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Seismic Retrofit Association

The Seismic Retrofit Association (SRA) was created to inform property owners and property managers about the:

  1. definition of a seismic retrofit
  2. benefits gained from a seismic retrofit
  3. process of acquiring a seismic retrofit
  4. first steps: finding a qualified engineer

What is a seismic retrofit?

A seismic retrofit is the addition of one or more structural enhancements that will help keep a building, its workers, production equipment and inventory safe from the effects of seismic activity that occurs suddenly or over time. The enhancements might be as simple as straps that secure equipment to complex structural anchors or roofing modifications.

A seismic retrofit can be performed on numerous types of buildings, such as un-reinforced masonry, concrete masonry units, tuck-under parking (also called soft story construction) or frequently constructed concrete tilt-up. For this brief introduction to seismic retrofitting, we focus on a retrofit for a concrete tilt-up building, but if you would like details about seismic retrofitting for other types of buildings, please contact our association.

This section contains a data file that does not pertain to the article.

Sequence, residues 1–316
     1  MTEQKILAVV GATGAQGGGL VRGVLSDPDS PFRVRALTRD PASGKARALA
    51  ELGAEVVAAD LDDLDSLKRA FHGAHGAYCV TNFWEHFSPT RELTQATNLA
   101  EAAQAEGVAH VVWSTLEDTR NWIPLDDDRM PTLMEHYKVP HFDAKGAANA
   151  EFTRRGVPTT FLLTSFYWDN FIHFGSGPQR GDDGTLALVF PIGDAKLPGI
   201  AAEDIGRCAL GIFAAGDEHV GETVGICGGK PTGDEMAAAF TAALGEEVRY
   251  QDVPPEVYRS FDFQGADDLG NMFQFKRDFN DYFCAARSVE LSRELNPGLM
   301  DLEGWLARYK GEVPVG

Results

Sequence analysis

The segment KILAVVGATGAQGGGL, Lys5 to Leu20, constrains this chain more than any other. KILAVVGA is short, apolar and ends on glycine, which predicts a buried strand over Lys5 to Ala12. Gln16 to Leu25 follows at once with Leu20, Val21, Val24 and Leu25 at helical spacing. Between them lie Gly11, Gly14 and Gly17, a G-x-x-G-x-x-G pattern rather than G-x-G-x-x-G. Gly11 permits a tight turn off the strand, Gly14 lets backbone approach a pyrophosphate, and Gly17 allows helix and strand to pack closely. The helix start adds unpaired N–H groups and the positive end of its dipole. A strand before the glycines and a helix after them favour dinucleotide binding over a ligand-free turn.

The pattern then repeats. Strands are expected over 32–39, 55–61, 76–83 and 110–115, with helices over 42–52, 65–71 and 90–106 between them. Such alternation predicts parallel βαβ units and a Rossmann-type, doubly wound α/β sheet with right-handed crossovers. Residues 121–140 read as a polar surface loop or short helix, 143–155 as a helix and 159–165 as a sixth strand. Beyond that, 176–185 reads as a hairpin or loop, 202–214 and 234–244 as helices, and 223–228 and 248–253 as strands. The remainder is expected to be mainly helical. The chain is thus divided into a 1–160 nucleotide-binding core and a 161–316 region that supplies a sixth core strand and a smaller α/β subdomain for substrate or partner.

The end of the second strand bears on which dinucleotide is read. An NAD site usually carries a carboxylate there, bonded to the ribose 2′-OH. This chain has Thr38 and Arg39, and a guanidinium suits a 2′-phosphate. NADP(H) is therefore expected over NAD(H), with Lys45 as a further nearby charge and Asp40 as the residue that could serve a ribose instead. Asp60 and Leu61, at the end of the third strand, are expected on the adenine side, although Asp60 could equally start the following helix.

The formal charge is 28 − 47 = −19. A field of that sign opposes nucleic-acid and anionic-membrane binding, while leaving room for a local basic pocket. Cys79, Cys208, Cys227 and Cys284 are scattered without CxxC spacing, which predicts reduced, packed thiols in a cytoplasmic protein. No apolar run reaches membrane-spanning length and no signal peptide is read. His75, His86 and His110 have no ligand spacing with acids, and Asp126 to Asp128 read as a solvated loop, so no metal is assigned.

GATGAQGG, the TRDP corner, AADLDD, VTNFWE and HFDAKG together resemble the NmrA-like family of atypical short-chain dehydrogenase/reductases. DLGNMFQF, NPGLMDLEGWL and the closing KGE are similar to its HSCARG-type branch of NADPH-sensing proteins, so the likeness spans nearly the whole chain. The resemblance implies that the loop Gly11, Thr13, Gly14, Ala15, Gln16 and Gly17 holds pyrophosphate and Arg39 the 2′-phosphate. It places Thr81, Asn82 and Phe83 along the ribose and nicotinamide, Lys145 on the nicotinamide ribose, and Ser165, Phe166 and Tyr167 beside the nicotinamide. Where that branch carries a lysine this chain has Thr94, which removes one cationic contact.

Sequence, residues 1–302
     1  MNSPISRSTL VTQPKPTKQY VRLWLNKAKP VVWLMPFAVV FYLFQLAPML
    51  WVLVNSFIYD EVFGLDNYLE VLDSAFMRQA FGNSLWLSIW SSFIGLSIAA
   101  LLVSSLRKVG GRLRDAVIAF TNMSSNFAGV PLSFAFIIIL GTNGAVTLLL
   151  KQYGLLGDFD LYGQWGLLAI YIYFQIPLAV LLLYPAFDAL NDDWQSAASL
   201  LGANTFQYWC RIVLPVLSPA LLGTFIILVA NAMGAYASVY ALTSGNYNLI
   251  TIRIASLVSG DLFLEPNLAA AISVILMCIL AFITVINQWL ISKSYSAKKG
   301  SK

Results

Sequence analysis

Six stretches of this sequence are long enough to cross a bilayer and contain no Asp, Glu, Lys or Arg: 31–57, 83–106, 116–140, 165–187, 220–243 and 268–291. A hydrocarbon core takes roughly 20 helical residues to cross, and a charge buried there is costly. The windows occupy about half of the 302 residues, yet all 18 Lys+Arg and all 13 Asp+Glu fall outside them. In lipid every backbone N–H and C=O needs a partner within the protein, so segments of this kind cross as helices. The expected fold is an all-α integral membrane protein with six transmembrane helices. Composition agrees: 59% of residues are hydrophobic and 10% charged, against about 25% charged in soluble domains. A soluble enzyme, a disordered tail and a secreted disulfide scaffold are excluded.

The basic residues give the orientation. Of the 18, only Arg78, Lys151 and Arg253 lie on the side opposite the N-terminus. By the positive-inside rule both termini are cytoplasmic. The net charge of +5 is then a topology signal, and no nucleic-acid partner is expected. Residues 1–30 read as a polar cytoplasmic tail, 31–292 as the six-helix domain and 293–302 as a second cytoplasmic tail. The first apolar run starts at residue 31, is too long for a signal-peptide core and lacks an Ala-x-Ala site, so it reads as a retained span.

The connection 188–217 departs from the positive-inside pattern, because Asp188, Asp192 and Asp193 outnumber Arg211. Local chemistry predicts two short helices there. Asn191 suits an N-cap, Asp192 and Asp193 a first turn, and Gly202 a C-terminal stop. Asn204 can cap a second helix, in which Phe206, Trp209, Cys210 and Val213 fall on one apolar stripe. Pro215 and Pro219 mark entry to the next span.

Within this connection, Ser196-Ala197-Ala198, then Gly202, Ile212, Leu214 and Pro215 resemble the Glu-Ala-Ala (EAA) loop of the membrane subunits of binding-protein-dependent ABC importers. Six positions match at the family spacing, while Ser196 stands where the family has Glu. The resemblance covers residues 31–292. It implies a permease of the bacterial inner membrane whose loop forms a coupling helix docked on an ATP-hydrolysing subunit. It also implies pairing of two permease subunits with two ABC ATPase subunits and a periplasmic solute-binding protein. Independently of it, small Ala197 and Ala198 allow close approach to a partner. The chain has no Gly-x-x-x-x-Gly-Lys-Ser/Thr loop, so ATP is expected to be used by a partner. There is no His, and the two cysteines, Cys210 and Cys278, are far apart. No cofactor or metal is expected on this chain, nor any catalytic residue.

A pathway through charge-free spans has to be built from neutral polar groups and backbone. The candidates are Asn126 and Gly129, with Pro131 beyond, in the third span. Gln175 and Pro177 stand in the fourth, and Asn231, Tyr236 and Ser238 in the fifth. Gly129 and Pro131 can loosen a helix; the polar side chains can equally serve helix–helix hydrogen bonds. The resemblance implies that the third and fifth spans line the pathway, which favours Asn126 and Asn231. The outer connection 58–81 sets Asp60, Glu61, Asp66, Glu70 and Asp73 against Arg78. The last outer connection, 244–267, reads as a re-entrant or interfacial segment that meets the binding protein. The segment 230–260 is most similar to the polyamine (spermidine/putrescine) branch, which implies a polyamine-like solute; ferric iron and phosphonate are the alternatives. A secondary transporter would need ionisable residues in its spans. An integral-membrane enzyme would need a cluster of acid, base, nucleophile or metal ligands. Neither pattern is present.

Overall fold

The most common purpose of a seismic retrofit on a concrete tilt-up building is to keep the roof (or, if applicable, the mezzanine or second floor) from separating from the walls at the building's perimeter. Typically, buildings need reinforcing because the concrete tilt-up walls are very heavy, and when they move during an earthquake, they exert a great deal of force.

A seismic retrofit on this type of building usually consists of adding roof-to-wall anchors and continuity ties, strengthening the key structural connections that have proven to be inadequate in older buildings. Buildings constructed prior to 1985 should be assessed for possible structural deficiencies that may require a seismic retrofit. Buildings constructed prior to 1975 will most likely need a retrofit.

To find out more, see this white paper: What is Seismic Retrofitting? Also, see a step-by-step demonstration of a tilt-up building’s retrofit process, as well as several examples of retrofitting hardware.

Why would a building owner benefit from a seismic retrofit?

A seismic retrofit not only protects the employees, customers, equipment and inventory inside a building, but can lower insurance premiums, attract lenders and help guarantee the building's status as an essential facility, providing peace of mind and longevity for renters.

AThe cost of hardware installed during the seismic retrofit generally becomes equity in the building because it increases the property's value and lowers its Probable Maximum Loss (PML). A PML of less than 20% can reduce insurance premiums. Most building owners can recover their seismic retrofit costs in 2-8 years because of reduced earthquake insurance premiums.

The lower PML a seismic retrofit may provide can also be important when the time comes to sell or add improvements to the building. A PML of less than 20% fulfills the requirements of most lenders and because more lenders will be able to lend on your property, you'll attract more qualified buyers or be able to more easily acquire cash for improvements.